Thursday 8 December 2016

Doctor recommended Germanwings pilot be treated in psychiatric hospital two weeks before crash

Aine Fox and Catherine Wylie

Published 13/03/2016 | 10:52

CEO of Germanwings Thomas Winkelmann and Lufthansa CEO Carsten Spohr, left, arrive with a wreath of flowers at a stone slab erected as a monument in memory of the victims, near the site of the Germanwings jet crash, in Le Vernet, France, Wednesday, April 1, 2015. (AP Photo/Claude Paris)
CEO of Germanwings Thomas Winkelmann and Lufthansa CEO Carsten Spohr, left, arrive with a wreath of flowers at a stone slab erected as a monument in memory of the victims, near the site of the Germanwings jet crash, in Le Vernet, France, Wednesday, April 1, 2015. (AP Photo/Claude Paris)
A French rescue worker inspects the debris from the Germanwings Airbus A320 at the site of the crash, near Seyne-les-Alpes, French Alps. Photo: REUTERS

A doctor referred Germanwings co-pilot Andreas Lubitz to a psychiatric clinic two weeks before he crashed a plane into the French Alps, killing 150 people, French air accident investigators have revealed.

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The BEA investigation agency, releasing a report on Sunday on the March 2015 crash, said multiple doctors who treated Lubitz in the weeks before the crash did not inform authorities of concerns about his mental health.

Because Lubitz did not inform anyone of his doctors' warnings, the BEA said "no action could have been taken by the authorities or his employer to prevent him from flying".

Investigators found that Lubitz intentionally crashed Flight 9525 en route from Barcelona to Duesseldorf.

CEO of Germanwings Thomas Winkelmann, centre, shakes hands with French gendarmes near the site of the Germanwings jet crash, in Le Vernet, France, Wednesday, April 1, 2015. (AP Photo/Claude Paris)
CEO of Germanwings Thomas Winkelmann, centre, shakes hands with French gendarmes near the site of the Germanwings jet crash, in Le Vernet, France, Wednesday, April 1, 2015. (AP Photo/Claude Paris)
CEO of Germanwings Thomas Winkelmann and Lufthansa CEO Carsten Spohr, left, lay a wreath of flowers at a stone slab erected as a monument in memory of the victims, near the site of the Germanwings jet crash, in Le Vernet, France, Wednesday, April 1, 2015. (AP Photo/Claude Paris)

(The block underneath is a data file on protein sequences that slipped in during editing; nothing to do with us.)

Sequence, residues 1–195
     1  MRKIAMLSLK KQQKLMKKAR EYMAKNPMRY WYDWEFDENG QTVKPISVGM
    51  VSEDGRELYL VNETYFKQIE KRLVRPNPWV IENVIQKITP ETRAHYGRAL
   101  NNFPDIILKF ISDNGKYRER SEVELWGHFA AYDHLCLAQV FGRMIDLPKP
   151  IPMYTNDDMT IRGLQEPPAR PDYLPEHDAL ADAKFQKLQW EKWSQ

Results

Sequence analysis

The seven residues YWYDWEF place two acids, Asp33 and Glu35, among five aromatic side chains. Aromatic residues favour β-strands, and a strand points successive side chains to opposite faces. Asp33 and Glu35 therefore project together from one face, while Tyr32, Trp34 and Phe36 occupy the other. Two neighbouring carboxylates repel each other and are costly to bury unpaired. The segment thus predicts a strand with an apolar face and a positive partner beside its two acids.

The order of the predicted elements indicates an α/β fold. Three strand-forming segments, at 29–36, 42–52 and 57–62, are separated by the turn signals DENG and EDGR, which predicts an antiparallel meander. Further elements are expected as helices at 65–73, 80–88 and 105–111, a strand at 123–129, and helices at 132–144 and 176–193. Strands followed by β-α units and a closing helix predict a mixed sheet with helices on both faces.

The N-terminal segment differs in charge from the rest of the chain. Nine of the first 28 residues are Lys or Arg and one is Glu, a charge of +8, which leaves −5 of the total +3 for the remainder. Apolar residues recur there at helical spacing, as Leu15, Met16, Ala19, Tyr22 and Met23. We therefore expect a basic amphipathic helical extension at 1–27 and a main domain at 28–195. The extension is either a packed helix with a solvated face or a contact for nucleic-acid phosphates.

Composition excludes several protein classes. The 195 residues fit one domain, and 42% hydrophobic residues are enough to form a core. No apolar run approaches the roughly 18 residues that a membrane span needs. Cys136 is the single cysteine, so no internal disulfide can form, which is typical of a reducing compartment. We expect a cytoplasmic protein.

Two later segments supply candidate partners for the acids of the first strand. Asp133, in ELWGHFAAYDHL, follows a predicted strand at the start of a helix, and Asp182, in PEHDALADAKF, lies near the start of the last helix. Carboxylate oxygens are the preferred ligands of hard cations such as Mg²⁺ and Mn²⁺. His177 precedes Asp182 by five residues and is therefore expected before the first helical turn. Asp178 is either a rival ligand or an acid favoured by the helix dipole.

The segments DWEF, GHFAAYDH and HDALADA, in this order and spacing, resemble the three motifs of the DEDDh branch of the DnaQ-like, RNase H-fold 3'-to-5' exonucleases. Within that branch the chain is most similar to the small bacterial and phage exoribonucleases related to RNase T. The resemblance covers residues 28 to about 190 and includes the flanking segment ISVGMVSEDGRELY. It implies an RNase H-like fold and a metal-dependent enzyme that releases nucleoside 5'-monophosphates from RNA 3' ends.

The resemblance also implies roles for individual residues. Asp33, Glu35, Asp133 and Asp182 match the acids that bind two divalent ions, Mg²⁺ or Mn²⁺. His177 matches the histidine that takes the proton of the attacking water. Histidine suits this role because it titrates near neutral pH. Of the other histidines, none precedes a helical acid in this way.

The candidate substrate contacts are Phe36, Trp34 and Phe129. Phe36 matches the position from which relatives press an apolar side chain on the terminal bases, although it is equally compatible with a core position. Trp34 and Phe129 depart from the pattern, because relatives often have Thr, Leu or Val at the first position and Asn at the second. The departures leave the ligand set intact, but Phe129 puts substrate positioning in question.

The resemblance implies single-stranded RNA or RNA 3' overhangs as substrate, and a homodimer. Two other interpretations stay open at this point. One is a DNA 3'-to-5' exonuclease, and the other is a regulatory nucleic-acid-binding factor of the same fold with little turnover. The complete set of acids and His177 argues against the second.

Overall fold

Lufthansa Chief Executive Carsten Spohr (R) and Germanwings Managing Director Thomas Winkelmann speak during a news conference near the memorial for the victims of the air disaster in the village of Le Vernet, near the crash site of the Germanwings Airbus A320 in French Alps April 1, 2015. REUTERS/Jean-Paul Pelissier
Lufthansa Chief Executive Carsten Spohr (L) and Germanwings Managing Director Thomas Winkelmann carry flowers as they pay their respects at the memorial for the victims of the air disaster in the village of Le Vernet, near the crash site of the Germanwings Airbus A320 in French Alps April 1, 2015. REUTERS/Jean-Paul Pelissier
CEO of Germanwings Thomas Winkelmann and Lufthansa CEO Carsten Spohr, left, arrive with a wreath of flowers at a stone slab erected as a monument, set up in memory of the victims in the area where the Germanwings jetliner crashed in the French Alps, in Le Vernet, France, Wednesday, April 1, 2015. (AP Photo/Claude Paris)
CEO of Germanwings Thomas Winkelmann and Lufthansa CEO Carsten Spohr, left, arrive with a wreath of flowers at a stone slab erected as a monument in memory of the victims, near the site of the Germanwings jet crash, in Le Vernet, France, Wednesday, April 1, 2015. (AP Photo/Claude Paris)
Lufthansa Chief Executive Carsten Spohr (R) and Germanwings Managing Director Thomas Winkelmann speak during a news conference near the memorial for the victims of the air disaster in the village of Le Vernet, near the crash site of the Germanwings Airbus A320 in French Alps April 1, 2015. REUTERS/Jean-Paul Pelissier
Lufthansa Chief Executive Carsten Spohr (L) and Germanwings Managing Director Thomas Winkelmann they pay their respects at the memorial for the victims of the air disaster in the village of Le Vernet, near the crash site of the Germanwings Airbus A320 in French Alps April 1, 2015. REUTERS/Jean-Paul Pelissier
Lufthansa Chief Executive Carsten Spohr (L) and Germanwings Managing Director Thomas Winkelmann pay their respects at the memorial for the victims of the air disaster in the village of Le Vernet, near the crash site of the Germanwings Airbus A320 in French Alps April 1, 2015. REUTERS/Jean-Paul Pelissier
Lufthansa Chief Executive Carsten Spohr (C) and Germanwings Managing Director Thomas Winkelmann (2ndL) speak during a news conference near the memorial for the victims of the air disaster in the village of Le Vernet, near the crash site of the Germanwings Airbus A320 in French Alps April 1, 2015. REUTERS/Jean-Paul Pelissier
Lufthansa Chief Executive Carsten Spohr (R) and Germanwings Managing Director Thomas Winkelmann (L) arrive to attend a news conference near the memorial for the victims of the air disaster in the village of Le Vernet, near the crash site of the Germanwings Airbus A320 in French Alps April 1, 2015. REUTERS/Jean-Paul Pelissier